Earlier this year, I wrote a blog about hustling towards my ultimate profession, aka becoming the next great bombastic writer. I was sure all I had to do was hustle hard and my goals would start materializing. Achieving my goals would be the validation I needed to know that yes indeed the universe acknowledged and rewarded my talent, creativity and tenacity. Sadly this was not the case and a sense of dejection began to creep in.
My friend and I recently spoke about the fact that in some way, shape or form we have been pursuing our goals since high school, as new university graduates, and especially now that we have transitioned to the ‘experienced professional’ threshold. Yet the more we continue to pursue our dreams, the more daunting it seems.
Here we are in our 29th year, and most of us are still worried about landing our dream jobs, while balancing the rest of life. Some of us still live at home, and if we don’t, we’re either sharing with roommates, or sacrificing the oftentimes necessity of a car and the luxury of a social life to afford our place. Many have careers that ‘pays the bills,’ while we pursue our real interests on the side on a volunteer’s salary. The rest have careers in their fields with low wages or alternatively; they need additional schooling or decades of experience to propel them to their ideal position.
After speaking to my friend I began to wonder if maybe we were asking for too much. Maybe we were spoiled millennials who expected to achieve success overnight-when in fact success takes time. Not Hollywood time, which meant graduating at 22 and landing a great John Grisham six figure salary; but the time it takes to truly make a mark and claim success, which oftentimes does not occur in our twenties.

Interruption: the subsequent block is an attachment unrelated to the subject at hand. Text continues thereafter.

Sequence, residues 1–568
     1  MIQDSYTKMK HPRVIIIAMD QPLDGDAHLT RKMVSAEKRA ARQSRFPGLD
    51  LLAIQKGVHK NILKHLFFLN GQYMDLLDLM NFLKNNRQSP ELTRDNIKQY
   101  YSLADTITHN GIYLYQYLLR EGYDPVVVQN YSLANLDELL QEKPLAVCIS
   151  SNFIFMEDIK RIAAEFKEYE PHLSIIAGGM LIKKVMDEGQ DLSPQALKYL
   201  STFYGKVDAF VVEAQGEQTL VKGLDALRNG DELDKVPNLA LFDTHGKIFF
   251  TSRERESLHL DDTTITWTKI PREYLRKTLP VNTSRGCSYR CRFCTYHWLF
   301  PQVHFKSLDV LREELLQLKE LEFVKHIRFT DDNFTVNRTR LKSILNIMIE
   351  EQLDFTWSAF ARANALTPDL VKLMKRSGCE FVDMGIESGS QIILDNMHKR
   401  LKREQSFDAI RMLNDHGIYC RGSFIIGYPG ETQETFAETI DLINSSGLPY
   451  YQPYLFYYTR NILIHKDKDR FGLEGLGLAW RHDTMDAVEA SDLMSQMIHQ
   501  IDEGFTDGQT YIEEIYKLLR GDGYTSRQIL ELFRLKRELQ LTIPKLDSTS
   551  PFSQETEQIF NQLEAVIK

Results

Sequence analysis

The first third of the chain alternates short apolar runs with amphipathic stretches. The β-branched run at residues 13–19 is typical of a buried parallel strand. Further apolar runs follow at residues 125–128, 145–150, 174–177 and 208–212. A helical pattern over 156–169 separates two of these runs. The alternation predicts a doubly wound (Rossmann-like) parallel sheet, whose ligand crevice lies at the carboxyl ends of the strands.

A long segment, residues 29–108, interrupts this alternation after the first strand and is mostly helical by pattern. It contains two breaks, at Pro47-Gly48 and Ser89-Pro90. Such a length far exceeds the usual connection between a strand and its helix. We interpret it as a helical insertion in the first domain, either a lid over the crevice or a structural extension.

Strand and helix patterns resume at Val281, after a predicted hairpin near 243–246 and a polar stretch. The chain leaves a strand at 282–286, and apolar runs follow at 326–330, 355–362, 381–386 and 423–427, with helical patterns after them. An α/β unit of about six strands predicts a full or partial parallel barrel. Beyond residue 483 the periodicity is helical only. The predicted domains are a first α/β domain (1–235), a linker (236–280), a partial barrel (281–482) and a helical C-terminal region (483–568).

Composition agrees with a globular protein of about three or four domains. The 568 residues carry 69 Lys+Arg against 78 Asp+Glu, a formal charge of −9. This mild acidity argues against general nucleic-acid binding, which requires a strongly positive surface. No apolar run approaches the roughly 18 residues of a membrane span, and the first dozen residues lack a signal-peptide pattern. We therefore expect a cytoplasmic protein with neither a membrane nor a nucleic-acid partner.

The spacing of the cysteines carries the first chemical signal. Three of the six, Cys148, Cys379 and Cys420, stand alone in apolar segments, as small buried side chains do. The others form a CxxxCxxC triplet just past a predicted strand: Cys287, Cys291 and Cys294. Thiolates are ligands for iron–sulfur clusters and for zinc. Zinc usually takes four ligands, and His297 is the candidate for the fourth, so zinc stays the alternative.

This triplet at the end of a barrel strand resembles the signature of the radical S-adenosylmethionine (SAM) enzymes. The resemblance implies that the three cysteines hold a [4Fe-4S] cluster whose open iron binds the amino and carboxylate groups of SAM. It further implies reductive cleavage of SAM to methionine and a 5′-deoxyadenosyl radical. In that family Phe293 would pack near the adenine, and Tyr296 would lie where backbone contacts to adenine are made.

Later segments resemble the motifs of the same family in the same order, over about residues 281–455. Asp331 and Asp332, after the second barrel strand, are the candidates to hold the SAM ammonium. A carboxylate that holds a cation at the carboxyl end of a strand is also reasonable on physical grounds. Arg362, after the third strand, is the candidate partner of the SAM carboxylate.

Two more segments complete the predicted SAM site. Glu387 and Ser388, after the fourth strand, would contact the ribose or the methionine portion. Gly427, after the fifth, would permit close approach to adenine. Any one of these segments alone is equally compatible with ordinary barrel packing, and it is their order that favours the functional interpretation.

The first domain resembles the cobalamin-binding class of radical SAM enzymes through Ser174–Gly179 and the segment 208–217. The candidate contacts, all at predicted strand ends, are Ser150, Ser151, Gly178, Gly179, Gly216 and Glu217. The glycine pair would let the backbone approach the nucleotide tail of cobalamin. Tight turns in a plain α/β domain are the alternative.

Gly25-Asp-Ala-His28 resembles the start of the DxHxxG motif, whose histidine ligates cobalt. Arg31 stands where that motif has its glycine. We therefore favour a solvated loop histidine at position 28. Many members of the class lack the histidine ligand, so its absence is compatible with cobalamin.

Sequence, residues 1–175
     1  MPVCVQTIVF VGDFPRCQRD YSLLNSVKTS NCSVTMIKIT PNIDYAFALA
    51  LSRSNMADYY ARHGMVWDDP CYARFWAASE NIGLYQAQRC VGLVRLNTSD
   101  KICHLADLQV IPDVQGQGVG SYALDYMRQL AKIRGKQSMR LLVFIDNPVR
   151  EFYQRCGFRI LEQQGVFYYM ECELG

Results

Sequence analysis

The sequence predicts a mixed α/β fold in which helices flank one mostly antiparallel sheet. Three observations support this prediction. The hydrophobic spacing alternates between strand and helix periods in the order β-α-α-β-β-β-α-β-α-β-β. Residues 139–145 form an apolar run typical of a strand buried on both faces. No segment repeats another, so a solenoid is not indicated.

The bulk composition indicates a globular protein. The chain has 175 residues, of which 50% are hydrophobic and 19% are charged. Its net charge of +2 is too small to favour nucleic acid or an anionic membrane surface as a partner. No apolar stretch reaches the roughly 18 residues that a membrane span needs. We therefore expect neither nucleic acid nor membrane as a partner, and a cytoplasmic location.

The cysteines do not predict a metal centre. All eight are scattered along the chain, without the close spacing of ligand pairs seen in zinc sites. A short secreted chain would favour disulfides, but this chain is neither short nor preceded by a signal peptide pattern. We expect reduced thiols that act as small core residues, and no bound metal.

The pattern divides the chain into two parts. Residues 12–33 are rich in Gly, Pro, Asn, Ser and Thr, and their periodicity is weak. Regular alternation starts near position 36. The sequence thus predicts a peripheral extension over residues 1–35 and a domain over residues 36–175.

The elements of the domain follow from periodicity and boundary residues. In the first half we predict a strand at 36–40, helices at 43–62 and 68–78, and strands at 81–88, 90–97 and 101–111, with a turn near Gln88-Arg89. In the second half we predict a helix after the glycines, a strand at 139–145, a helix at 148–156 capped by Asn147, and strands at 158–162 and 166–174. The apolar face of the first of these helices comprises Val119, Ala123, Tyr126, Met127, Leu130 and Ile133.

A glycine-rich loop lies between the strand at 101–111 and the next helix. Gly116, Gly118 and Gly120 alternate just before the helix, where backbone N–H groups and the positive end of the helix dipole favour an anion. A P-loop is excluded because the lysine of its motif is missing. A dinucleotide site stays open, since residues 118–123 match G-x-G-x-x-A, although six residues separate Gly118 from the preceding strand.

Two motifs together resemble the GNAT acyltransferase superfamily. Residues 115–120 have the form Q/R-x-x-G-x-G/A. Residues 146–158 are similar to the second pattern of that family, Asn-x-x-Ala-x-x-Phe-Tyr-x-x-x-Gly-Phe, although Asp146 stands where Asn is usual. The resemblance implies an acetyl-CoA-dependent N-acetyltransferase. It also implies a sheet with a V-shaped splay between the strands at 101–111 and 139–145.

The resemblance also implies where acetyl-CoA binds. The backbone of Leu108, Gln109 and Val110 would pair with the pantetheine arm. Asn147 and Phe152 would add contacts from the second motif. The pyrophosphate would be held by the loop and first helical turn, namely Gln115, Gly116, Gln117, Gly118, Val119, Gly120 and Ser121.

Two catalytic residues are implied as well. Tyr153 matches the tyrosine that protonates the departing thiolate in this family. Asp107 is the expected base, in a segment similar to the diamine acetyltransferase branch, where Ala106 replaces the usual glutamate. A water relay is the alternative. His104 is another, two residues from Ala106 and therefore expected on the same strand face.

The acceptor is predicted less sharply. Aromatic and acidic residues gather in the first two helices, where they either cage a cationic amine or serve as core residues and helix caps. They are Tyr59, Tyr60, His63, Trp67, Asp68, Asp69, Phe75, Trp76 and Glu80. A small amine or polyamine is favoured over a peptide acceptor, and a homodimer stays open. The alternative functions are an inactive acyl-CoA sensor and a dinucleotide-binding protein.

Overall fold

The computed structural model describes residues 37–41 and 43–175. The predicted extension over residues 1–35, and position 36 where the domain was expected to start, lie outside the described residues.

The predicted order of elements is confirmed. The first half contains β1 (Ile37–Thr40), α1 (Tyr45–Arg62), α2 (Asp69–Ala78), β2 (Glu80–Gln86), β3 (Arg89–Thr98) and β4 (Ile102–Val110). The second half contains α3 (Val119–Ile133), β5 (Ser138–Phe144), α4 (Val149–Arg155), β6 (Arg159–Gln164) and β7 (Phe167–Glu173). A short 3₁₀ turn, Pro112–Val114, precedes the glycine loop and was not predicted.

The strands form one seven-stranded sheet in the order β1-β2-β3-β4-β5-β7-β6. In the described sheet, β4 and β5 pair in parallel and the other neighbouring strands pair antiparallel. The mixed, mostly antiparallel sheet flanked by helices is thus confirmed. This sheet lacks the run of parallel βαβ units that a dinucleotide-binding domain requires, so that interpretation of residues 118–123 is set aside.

Recently I was reminded of this while waiting in line at a local KFC. I glanced up at a black and white photo of Colonel Sanders, with a caption underneath which read; “Colonel Sanders at one of his first promotional shoots-Age 70.” Age 70! I had no idea that a) the Colonel looked that great at 70 and b) he was still promoting his business nonetheless.
Of course I had to run a quick background check, on Colonel Sanders and was surprised to learn not only did he open his first restaurant at the age of 40, at age 65 he started the KFC franchise after his first restaurant business failed. Before starting his first restaurant he worked as a farm hand, soldier, assistant blacksmith and lawyer just to name a few of his many professions. This was just what I needed.
I realized that while I may not be where I want to be today, the only way to get there was to continue to push myself in whatever way I could. After all, no one knows when they will make their mark on the world; whether it will be 21 (Mark Zuckerberg), or 41 (Maya Angelou).
Only time will allow us to realize our full potentials. For some it will happen sooner rather than later. For the rest of us in the latter category…our time will come.